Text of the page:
Thursday, May 5, 2016

Empathy, Loss, and the Social Contract

So, I get it, it's part of the human condition we must say something in times of great loss. It was one of my least favorite parts of dealing with losing Jake. The well meant, banal platitudes. Saying something, while essentially saying nothing.

Fortunately no one to my memory trotted out my least favorite of these "I know how you feel." Really, no, you don't... The only people, I would've accepted that from, my parents, said, we understand losing a child, but not at the level you guys do. Taking nothing away from their grief at the loss of their eldest child, my brother survived 40 hours before he passed. Jacob was a year and half. 

Grief, the process of accepting, understanding, and coming to terms with the loss of someone we love, is a unique, and individual journey. I know how I feel/felt about the loss of my grandmother and grandfather. Losing them was like losing two of the brightest stars in my sky. Compass points I could always turn to on my journey, if I felt I was getting lost. However, I can't presume I understood that loss to the same level as my mother and her siblings did. It's different, it just is, the nature of the relationship colors everything, including how you grieve. 

No one who comes into my life now will understand the dynamic of my grief over Jacob. And even Traci's grief, is different than my own. We are getting closer and closer to this divorce being fully realized and finalized, but I can't imagine no matter where life takes us as we travel separate roads for the first time in half our lives, that we won't check in with each other and probably share some tears every August and February.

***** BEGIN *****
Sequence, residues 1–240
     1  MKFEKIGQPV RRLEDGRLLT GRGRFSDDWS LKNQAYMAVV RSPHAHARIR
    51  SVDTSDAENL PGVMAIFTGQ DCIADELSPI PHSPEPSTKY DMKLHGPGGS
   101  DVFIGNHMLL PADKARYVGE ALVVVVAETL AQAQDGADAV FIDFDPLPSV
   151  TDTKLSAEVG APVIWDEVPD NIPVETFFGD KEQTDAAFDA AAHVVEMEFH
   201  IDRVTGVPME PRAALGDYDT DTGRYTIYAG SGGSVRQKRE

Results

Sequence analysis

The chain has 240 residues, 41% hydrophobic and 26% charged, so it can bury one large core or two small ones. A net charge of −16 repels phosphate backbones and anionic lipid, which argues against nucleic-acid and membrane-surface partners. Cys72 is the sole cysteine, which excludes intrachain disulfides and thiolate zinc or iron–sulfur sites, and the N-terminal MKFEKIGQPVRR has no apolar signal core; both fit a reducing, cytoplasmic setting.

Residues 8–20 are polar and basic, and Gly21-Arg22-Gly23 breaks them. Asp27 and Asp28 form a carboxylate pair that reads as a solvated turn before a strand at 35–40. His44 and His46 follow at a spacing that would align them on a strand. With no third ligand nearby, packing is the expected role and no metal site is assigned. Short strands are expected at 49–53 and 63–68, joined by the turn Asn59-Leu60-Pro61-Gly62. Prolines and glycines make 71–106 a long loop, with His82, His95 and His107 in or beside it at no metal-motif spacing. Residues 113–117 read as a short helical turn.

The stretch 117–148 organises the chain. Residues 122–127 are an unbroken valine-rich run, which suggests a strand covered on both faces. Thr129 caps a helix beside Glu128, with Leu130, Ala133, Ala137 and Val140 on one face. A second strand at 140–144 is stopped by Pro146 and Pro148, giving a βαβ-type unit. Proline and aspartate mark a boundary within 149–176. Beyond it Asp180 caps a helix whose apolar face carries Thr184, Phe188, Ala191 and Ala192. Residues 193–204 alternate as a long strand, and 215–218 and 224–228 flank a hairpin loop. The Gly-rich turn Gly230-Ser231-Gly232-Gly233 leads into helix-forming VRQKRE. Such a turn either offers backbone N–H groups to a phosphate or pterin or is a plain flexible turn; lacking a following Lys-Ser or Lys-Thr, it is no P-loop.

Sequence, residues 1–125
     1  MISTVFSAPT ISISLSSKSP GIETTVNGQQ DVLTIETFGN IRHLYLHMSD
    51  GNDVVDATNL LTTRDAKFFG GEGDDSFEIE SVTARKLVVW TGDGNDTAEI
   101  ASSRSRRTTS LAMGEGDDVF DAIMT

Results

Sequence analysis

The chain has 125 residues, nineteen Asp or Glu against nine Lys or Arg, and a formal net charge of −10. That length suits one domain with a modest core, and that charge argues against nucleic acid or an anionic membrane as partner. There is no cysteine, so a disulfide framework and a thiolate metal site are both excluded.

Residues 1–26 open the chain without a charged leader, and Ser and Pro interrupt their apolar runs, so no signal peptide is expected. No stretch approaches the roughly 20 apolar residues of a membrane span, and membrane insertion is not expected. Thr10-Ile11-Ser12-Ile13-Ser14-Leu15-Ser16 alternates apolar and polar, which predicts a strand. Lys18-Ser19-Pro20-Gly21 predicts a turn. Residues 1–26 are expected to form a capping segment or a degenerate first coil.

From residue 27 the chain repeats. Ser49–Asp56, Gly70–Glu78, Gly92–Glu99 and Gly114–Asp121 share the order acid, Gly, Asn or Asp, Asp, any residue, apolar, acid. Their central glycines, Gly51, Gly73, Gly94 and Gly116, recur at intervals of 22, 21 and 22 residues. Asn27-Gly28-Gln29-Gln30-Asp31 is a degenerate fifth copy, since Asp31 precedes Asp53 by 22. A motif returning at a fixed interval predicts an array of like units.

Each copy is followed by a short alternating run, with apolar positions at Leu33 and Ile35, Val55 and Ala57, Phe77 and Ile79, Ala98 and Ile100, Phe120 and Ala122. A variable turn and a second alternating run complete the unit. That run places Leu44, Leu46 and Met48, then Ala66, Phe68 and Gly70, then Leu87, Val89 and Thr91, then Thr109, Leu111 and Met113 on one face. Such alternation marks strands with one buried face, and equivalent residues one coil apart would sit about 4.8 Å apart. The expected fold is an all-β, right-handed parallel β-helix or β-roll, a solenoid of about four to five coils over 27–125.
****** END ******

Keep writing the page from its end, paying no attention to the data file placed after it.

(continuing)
And even people offering advice and well meaning platitudes about the divorce don't understand either. Because while every divorce is generally the same, the relationships being separated by it are different. Traci and I spent the bulk of our married life getting by, waiting for the next crisis, and alternately leaning on/needing each other and hating/blaming each other for the problems we each saw. We never learned to communicate effectively, to work on what pulled us together in the first place, and to attack the problems while they were small chips, before they were major cracks.

That being said, I've seen that woman carry me on her back walking through Hell, laughing at the devil the whole way...She has iron in her veins. But she is also soft as butter on the Fourth of July. In our 16 years together, she taught me strength. I am forever indebted to her for that.

I know as I begin to let go of all these things I cling to, out of familiarity I will eventually come out the other side, brighter, stronger, more fully realized. I'm finding outlets for the grief, using it to begin growing, to begin rebuilding.

So be patient with me, share those well meant words of encouragement about how it'll get better, I'll be ok...but understand if I grumble about it.

Who knows, I may yet grow enough to not refer to the last year and a half as The Darkest Timeline. Maybe I'll grow, change, adapt, and look back at this time, and see all the points of light I can't/don't/won't see and I'll notice them, realizing how well lit this road really is.

Meanwhile the only way out is through, right, so I shuffle on, taking the steps, moving forward, only occasionally backward.